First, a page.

A Short Guide to Notable Historic Barriers: Background information when reading The Berlin Wall

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The Berlin Wall

A World Divided, 1961-1989

by Frederick Taylor

The Berlin Wall by Frederick Taylor X
The Berlin Wall by Frederick Taylor
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  • First Published:
    May 2007, 512 pages

    May 2008, 528 pages


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A Short Guide to Notable Historic Barriers

This article relates to The Berlin Wall

Print Review

Hadrian's Wall was built in AD 122. It measures 80 Roman miles (73.5 miles/117 km). It was the second of three stone and turf fortifications the Romans built across Britain to prevent military raids by the Picts (who inhabited what is now Scotland) but is best known as it is the best preserved. The lesser known walls areGask Ridge, built about 40 years before Hadrian's Wall, and theAntoine Wall, built farther north about 20 years later.

The Great Wall of China was started in the 3rd century and was rebuilt and rerouted a number of times (360 degree panorama of a small section of the wall). At its height it stretched 6352 km/3948 miles (map & more). In 1644 AD, the Manchus breached the wall by bribing a border general and seized Beijing, thus bringing an end to the Ming dynasty and establishing the Qing dynasty in its place. Under Qing rule, China's borders extended beyond the walls so repairs to the Great Wall were discontinued.

Offas Dyke is a massive earthwork roughly following the current border between England and Wales. In places, it is up to 65 feet (20 m) wide and 8 feet (2.5m) high. The 192 mile boundary was built in the 8th century AD by the King of Mercia as a border between his lands and the Welsh kingdom of Powys.

The Maginot Line was a line of concrete fortifications built by the French along its border with Germany and Italy between the two World Wars. The French thinking was based on the defensive trench warfare of World War I. The fortifications did successfully dissuade a direct attack, but the Germans simply went around it.

The Atlantic Wall: The Germans poured millions of tons of reinforced concrete from Belgium to La Havre to build fortresses, batteries and defenses to protect the Atlantic flank of "Fortress Europa", but the Allies tricked the Germans into thinking the real invasion was to come at Calais, and by the time the Germans realized their mistake several hundred thousand troops had breached the "wall".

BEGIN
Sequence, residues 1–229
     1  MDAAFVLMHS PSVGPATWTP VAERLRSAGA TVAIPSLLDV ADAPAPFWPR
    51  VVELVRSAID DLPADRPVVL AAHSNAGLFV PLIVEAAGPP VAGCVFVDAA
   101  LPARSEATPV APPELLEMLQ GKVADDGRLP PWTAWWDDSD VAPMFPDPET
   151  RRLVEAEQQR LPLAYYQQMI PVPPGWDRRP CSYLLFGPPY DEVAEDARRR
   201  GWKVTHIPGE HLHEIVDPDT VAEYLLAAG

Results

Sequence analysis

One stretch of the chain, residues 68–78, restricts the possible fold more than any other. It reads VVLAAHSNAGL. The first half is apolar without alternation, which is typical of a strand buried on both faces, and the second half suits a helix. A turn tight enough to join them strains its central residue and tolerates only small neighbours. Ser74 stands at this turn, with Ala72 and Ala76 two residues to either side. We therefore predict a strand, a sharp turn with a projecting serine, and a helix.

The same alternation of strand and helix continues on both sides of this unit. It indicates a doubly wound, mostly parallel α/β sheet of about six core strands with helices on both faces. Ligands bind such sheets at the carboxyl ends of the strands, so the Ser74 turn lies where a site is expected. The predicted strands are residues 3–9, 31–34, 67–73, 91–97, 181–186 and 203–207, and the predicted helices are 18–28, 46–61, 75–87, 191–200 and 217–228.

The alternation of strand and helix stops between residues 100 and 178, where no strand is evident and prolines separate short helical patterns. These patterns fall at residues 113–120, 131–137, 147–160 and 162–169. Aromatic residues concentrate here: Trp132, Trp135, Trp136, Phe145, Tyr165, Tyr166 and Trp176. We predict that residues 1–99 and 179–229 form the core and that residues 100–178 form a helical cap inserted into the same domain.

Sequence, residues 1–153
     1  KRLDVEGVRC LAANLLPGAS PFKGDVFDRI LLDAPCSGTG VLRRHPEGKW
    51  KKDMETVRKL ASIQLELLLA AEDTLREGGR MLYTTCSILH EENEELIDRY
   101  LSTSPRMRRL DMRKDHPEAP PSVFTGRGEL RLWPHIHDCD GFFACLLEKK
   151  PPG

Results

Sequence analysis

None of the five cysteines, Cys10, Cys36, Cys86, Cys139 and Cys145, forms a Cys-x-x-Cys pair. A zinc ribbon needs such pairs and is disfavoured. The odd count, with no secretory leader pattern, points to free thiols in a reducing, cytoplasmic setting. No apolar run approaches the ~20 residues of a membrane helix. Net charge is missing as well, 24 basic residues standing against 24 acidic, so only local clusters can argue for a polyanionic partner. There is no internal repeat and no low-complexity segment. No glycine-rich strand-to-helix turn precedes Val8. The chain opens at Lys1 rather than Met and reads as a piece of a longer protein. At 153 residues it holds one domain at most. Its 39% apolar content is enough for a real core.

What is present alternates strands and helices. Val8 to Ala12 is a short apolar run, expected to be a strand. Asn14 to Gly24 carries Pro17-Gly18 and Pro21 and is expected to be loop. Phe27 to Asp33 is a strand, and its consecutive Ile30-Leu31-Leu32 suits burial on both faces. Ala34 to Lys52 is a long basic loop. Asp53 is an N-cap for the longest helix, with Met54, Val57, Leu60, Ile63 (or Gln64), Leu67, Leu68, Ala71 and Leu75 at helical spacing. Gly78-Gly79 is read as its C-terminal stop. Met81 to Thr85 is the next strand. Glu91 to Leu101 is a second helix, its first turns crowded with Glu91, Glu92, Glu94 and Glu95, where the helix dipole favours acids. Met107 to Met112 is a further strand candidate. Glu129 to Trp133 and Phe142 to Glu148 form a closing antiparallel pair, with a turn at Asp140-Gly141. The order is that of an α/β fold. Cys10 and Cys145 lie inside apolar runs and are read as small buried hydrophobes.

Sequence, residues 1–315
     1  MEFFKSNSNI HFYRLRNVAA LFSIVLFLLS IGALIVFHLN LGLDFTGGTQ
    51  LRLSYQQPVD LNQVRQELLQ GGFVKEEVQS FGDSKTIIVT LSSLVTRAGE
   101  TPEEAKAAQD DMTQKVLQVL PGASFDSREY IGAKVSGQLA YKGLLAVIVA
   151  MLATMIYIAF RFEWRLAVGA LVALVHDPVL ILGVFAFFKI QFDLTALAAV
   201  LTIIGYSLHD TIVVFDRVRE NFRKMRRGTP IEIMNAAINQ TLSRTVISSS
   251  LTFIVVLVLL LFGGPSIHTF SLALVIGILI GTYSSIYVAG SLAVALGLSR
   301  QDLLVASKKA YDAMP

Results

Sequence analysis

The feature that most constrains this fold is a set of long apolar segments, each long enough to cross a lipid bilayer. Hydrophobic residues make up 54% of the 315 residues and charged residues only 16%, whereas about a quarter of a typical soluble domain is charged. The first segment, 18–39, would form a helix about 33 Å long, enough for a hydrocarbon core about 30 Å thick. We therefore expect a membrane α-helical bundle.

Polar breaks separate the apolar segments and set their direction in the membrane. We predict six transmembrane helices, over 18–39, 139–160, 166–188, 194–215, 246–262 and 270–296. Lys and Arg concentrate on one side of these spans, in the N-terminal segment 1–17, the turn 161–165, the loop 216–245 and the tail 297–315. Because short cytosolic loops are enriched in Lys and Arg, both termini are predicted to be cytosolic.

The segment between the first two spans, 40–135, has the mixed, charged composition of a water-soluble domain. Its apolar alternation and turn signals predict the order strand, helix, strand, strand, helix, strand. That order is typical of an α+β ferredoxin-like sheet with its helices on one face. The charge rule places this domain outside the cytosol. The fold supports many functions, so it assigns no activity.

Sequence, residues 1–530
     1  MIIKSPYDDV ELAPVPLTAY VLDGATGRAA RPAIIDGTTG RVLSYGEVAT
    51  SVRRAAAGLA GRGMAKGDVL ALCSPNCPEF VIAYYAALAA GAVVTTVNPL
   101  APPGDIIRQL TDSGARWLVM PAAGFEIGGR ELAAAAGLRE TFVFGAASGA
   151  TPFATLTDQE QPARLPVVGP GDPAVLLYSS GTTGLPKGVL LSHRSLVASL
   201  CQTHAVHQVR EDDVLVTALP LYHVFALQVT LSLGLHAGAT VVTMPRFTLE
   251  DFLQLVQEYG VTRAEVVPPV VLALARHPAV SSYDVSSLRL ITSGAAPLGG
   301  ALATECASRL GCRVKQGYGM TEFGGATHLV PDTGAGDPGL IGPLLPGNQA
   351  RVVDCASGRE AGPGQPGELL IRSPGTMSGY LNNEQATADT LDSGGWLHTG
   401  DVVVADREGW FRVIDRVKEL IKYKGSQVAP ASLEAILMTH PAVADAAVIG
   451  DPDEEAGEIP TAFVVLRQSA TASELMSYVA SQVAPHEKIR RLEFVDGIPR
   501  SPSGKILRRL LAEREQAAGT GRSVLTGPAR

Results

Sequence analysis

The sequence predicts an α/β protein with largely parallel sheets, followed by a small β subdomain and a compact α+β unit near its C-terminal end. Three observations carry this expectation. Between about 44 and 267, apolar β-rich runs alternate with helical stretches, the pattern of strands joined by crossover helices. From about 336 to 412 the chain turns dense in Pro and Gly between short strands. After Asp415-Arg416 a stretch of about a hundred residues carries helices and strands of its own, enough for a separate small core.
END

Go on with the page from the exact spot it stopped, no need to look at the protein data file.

The Belfast Peace Lines (click on "Cupar Street" to see a 360° panorama of one wall) are a series of barriers ranging in length from a hundred yards to over three miles, separating Protestant and Catholic neighborhoods designed to minimize intercommunal sectarian violence between Protestants and Catholics. Constructed in the early 1970s, during "The Troubles", they multiplied over the years, from around 20 in the early 1990's to 40 today, stretching over 13 miles in total. Due to the current peace in Northern Ireland, the walls have now become popular tourist destinations.

The United States–Mexico barrier is intended to deter illegal entry of Latin Americans into the USA from Mexico. The plan is for a 700 mile barrier across the more inviting stretches of the 2,100 mile border. In 2006, Congress appropriated $1.5 billion in the fiscal 2006 and 2007 budgets for fencing, vehicle barriers and border lighting, and the White House requested $1 billion more in fiscal 2008." This April, the Department of Homeland security announced plans to waive more than 30 environmental and cultural laws to speed construction of the barrier.

The Israeli West Bank barrier is a physical barrier being constructed by Israel located mainly within the West Bank. The length of the barrier will be 703 kilometers/436 miles (95% trenches, 5% walls). As of 2008, about 60% has been completed with final completion estimated for 2010.

Filed under Places, Cultures & Identities

This "beyond the book article" relates to The Berlin Wall. It originally ran in June 2007 and has been updated for the May 2008 paperback edition. Go to magazine.

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